For example, one of the simplest asset protection strategies involves maximizing your yearly contribution to your IRA. If you get sued and lose, the creditor cannot take the funds you have in the IRA account because such funds are exempt from collections by law. Asset protection plans can include crafting one or more trusts, utilizing a Medicaid plan to protect your assets from the often exorbitant expenses associated with nursing home or assisted living facilities, or other tools that meet specific needs or circumstances.

Asset Protection Program

Getting Past Estate Planning Hurdles

Once you understand the basics of what an estate plan can do for you, your property, and your family, it should be clear why creating a plan of your own is so important. But knowing and doing are two separate things, especially when it comes to estate planning. Quite often, people are either reluctant to address issues so closely related to mortality, or don’t think they have enough to worry about that would require them to craft a plan.

When you’re hesitant about starting a plan of your own, it’s often best to focus your attention away from yourself and your possible death, and to think instead of your loved ones. For example, consider some of the following:

  • What would happen to your family members and loved ones if you became sick or died?
  • Who will care for your young children if you no longer can?
  • What about your pets?
  • Even if you don’t own a lot of property, have you done anything to protect their needs?
  • Have you let them know what you want if something happens to you?

If you decide that estate planning is something you need to do, there are several possible steps you can take to get started:

  1. List Your Possessions. First, you can make a list of all your possessions, including both your assets and liabilities. Once you can look at what you have on a single piece of paper, you can get some ideas about how you might want to distribute that property after you die, or what you might need to do to protect that property should you become incapacitated.
  2. Discuss With Your Family. Talk to your family and loved ones about your concerns, as well as theirs. Understanding what each member of the family wants or expects when it comes to estate planning issues can not only prevent potential conflicts later, but can also serve as motivation to get you to create a plan that protects all those who are important to you.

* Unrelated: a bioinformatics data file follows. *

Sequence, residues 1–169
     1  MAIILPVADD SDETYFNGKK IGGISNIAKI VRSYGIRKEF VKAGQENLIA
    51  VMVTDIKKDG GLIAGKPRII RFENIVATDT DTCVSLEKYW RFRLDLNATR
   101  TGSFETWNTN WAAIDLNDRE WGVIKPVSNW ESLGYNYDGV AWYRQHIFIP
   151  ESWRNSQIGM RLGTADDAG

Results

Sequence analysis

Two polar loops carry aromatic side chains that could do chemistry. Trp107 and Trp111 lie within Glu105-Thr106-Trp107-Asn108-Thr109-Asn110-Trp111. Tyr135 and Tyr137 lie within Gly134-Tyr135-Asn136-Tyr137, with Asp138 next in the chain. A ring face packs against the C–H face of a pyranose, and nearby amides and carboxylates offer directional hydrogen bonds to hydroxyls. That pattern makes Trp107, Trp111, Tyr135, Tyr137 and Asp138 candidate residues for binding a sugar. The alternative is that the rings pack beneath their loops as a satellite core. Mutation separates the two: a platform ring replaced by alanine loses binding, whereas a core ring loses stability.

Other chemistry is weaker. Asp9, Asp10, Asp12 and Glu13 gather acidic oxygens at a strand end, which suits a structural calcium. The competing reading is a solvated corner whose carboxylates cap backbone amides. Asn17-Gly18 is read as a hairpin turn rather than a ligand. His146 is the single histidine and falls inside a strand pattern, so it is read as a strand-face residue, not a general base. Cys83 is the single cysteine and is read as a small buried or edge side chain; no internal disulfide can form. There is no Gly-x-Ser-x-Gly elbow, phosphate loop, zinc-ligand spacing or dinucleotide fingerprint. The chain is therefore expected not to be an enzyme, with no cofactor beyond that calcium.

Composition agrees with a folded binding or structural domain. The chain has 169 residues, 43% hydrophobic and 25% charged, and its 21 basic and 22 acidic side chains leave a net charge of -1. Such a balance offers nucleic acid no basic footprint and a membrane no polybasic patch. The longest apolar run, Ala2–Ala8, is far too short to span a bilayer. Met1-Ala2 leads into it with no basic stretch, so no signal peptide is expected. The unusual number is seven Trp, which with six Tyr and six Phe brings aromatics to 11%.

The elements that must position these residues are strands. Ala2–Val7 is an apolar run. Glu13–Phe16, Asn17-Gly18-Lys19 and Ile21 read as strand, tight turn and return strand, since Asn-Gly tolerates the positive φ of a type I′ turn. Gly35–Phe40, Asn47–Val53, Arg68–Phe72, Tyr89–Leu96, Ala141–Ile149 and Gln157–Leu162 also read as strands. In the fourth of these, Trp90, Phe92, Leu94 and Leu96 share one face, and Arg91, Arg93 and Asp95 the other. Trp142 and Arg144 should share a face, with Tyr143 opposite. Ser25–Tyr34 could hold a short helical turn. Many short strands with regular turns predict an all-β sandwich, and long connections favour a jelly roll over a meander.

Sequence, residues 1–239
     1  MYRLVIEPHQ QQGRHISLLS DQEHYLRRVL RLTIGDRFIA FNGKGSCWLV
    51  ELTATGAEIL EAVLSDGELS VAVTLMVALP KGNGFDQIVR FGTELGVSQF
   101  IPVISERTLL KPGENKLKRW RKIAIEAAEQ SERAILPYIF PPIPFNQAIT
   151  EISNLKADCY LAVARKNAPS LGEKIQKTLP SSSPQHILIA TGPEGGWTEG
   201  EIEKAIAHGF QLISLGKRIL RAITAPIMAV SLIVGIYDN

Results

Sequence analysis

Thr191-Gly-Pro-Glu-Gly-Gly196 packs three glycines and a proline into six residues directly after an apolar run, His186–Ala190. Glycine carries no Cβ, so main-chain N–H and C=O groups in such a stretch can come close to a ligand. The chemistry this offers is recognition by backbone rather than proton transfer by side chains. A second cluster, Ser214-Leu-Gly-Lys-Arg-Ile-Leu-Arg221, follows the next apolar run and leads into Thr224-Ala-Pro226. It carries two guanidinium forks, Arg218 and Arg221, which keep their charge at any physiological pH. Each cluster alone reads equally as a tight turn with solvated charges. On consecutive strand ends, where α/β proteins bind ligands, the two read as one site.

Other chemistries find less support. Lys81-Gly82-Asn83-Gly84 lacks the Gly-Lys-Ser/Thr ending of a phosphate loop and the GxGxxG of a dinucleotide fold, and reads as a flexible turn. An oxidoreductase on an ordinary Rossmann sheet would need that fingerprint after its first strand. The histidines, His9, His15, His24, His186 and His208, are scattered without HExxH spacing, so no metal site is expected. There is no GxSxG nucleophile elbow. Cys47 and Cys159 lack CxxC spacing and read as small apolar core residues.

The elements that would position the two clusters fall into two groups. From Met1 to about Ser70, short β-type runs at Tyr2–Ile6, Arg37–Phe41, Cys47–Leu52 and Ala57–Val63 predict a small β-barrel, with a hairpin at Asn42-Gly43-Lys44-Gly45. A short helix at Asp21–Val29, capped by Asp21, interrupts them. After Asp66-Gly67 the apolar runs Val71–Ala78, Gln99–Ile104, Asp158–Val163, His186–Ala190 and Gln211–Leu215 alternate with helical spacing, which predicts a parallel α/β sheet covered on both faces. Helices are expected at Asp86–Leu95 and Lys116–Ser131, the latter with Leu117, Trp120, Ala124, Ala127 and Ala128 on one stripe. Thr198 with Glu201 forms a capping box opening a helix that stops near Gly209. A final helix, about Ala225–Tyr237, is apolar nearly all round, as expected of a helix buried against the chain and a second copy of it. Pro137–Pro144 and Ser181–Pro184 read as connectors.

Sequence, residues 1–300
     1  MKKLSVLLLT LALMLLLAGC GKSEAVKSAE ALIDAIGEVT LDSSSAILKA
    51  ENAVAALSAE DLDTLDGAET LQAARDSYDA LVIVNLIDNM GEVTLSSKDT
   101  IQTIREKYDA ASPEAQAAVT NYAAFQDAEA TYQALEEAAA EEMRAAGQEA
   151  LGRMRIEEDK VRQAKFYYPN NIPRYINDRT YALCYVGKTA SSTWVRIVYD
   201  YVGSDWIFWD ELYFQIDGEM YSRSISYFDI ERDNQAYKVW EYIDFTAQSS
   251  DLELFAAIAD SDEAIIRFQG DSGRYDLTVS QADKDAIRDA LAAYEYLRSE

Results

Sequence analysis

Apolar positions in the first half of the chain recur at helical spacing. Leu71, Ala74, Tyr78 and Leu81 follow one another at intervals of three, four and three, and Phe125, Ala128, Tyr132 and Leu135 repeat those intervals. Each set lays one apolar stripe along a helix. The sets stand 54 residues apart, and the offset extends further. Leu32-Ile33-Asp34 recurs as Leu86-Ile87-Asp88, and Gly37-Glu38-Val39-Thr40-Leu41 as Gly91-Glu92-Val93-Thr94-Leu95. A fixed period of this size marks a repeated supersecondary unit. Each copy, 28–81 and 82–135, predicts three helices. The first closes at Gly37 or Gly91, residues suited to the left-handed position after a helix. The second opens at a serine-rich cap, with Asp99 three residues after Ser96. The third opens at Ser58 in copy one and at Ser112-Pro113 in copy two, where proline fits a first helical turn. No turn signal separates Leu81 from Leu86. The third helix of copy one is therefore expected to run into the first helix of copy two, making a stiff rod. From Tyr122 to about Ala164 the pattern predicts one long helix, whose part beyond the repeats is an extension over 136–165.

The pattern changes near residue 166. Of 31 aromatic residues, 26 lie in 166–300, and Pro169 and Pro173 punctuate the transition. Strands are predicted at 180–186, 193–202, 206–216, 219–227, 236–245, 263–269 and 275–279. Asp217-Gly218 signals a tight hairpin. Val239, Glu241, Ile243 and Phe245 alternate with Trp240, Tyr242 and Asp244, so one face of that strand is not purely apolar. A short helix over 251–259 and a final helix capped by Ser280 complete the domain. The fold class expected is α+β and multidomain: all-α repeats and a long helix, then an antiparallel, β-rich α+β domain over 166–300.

3. Talk to an Estate Planning Attorney. Because estate planning laws differ so significantly and are so complicated, talking to an experienced attorney is often the best option. If you don’t think you can afford an attorney, you can always ask about pricing and fees before scheduling an appointment. If, after speaking to a local lawyer, you decide that the process would still be too costly, you can start crafting a plan of your own with do-it-yourself resources that are available online (e.g., LegalZoom), or through various companies.

It’s important to point out that crafting a plan is something that can be complicated, not to mention potentially confusing. If you’re not experienced with estate planning issues, you have almost no way of knowing what tools might be best for you and your particular circumstances. Talking to an expert might cost money now, but not doing so could cost you – or your family – a lot more money later on.

Final Word

At the absolute minimum, an estate plan can make your wishes clear to your loved ones, and give them peace of mind in knowing that they are doing what you would have wanted them to do. Instead of wondering what your desires are, your family will have your plan available for reference. When viewed from this perspective, many people quickly realize how important having even a basic plan can be.

Have you made an estate plan yet?

Mark Theoharis
Mark Theoharis is a former attorney who writes about the intersection of law and daily life, covering everything from crime to credit cards. He mostly writes for legal publishers, marketing agencies, and law firms, but gets the occasional chance to publish fiction. When he is not writing, Mark restores vintage and antique typewriters, though his editors have made it quite clear that typed submissions are strictly prohibited.